Wyoming FFA members travel to Washington, D.C. for leadership, community service conference
This summer, the city of Washington D.C. was attacked by a swarm of youthful and driven young leaders wearing blue corduroy jackets. For seven weeks in June and July, FFA members from across the United States, from Hawaii to Alaska, got in a car or plane and traveled to our nation’s capital to attend the Washington Leadership Conference (WLC).
Tayler Cotton, a member of the Casper FFA who attended WLC’s seventh and final session, explains, “WLC is a leadership conference. But it’s not the average FFA conference. True friendships are formed, and we learned new things about ourselves to help others.”
Cotton traveled to the conference with two other members of her chapter on July 20.
Over the course of a week, Cotton and the more than 250 FFA members attending this last session participated in leadership workshops, performed community service activities and toured the Washington D.C. area.
Given WLC’s nature, leadership actives happened every day. One in particular stuck out to several members interviewed.
One night, all the members were gathered in a circle in one of the hotel’s ballrooms. They were asked to sit on the floor. High Plains FFA member Katie Schilt, who attended the third session of WLC, describes, “Thousands of bouncy balls were poured out on to the ballroom floor to symbolize all of the starving and hurting people in the world.”
As the WLC facilitators poured out the balls, the members watched as they slowly filled the enormous circle between them.
Once all the balls had been poured out, the members were given a task.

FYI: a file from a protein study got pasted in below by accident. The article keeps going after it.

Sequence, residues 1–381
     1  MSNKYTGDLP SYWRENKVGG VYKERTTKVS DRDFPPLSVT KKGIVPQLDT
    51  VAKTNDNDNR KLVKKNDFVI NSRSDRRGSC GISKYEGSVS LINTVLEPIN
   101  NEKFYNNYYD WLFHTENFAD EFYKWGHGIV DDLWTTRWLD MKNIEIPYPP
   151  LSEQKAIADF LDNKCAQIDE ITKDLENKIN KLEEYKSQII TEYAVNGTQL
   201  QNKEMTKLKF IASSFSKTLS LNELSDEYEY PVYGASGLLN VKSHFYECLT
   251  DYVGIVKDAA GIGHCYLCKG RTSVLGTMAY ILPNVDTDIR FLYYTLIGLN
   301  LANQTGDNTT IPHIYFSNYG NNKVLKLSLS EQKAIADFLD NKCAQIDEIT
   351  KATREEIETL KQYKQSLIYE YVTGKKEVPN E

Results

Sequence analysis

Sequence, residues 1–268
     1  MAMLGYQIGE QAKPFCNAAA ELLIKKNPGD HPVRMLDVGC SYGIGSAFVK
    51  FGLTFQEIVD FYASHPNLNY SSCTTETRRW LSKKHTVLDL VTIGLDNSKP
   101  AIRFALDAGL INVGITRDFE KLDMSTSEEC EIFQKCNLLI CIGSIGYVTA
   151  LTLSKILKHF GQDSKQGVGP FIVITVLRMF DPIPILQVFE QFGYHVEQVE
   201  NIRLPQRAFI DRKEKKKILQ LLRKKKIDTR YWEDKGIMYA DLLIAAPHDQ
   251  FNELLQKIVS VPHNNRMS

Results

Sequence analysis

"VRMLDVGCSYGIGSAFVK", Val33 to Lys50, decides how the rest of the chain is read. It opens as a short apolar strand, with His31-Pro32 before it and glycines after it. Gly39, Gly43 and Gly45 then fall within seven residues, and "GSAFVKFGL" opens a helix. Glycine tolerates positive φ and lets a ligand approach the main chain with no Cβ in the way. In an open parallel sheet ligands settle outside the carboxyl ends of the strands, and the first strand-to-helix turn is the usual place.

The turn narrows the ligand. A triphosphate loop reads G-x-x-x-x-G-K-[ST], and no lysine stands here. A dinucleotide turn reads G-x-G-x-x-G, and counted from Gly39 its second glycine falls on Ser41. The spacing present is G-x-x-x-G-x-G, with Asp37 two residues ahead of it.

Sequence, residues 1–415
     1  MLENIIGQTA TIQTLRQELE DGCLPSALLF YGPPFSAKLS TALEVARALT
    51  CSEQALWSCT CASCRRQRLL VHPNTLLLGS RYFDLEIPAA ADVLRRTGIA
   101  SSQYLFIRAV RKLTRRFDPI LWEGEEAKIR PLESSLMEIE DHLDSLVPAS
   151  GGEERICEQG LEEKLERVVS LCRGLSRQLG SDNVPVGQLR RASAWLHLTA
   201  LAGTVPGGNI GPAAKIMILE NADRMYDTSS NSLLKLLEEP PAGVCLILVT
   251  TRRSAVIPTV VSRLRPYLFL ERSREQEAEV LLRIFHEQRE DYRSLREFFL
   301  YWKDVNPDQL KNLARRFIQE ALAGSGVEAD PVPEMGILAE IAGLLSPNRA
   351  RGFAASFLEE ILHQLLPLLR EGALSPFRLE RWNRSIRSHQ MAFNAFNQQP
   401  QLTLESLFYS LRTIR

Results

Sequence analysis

Cotton explains, “They asked us to pick all of the balls up, but not all at once, just one ball at a time.”
Attendees immediately sprang into action but were met with difficulties.
Schilt says, “Sometimes the facilitators would dump them out again to show us how we have setbacks in life, but we should not let that stop us.”
This was only one of the many in-depth leadership activities that took place at WLC.
Another important component to leadership is service.
This year’s WLC service project focused on the abundance of food insecurity in local communities. Each of the seven WLC session groups worked with Meals of Hope to package meals for families in the D.C. area.
Each session met the task with extreme enthusiasm and was able to package a sizable amount of meals. Session Seven, for example, was able to package a total of 57,600 individual meals in the span of only two hours.
Over the course of the summer, WLC attendees packaged nearly half a million meals for the homeless in the D.C. area.
Living to Serve
Another extension of the service component of WLC is the Living To Serve (LTS) plan.
Every FFA member who attended WLC worked with a small group to develop an individual service project that they will carry out when they return home. The subject of these LTS plans varies significantly as each attendee was able to choose their own.
Cotton explains, “We picked a cause that we felt we had a connection to.”
LTS goals ranged from helping the hungry in local communities to raising money for the physically disabled in schools and developing middle school FFA programs.
The nation’s capital
Though WLC is a leadership-focused conference, attendees didn’t spend their whole time in a ballroom listening to speakers talk about leadership. Much of the week was spent out in the city, touring the many monuments and museums that the city is famous for.
Attendees toured places such as Arlington National Cemetery, the Washington Monument and Capitol Hill, among other things.
Seventh session attendee Quentin Moter of the Windy City FFA comments, “I loved the National Archives. To see the documents that founded our country was amazing.”
Taking it home
Cotton, Schilt and Moter were asked how they will take what they learned at WLC and apply it back home.
Cotton talks about her LTS plan, saying, “I will use the things that I learned to help special needs kids be more associated with the rest of our society and to give them the love and attention they deserve.”
Schilt plans to involve her whole chapter in service.
She says, “We are starting a big service project here in Wyoming as a chapter. We are keeping the details on the down-low for now, but everyone will hear more from us soon.”
Finally, Moter replies, “I am going to see to those needs in my chapter and community. I want to carry out the plans I made and show other people that they can make a change in the world.”
Wilson Stewart is an intern for the Wyoming Livestock Roundup. Send comments on this article to firstname.lastname@example.org.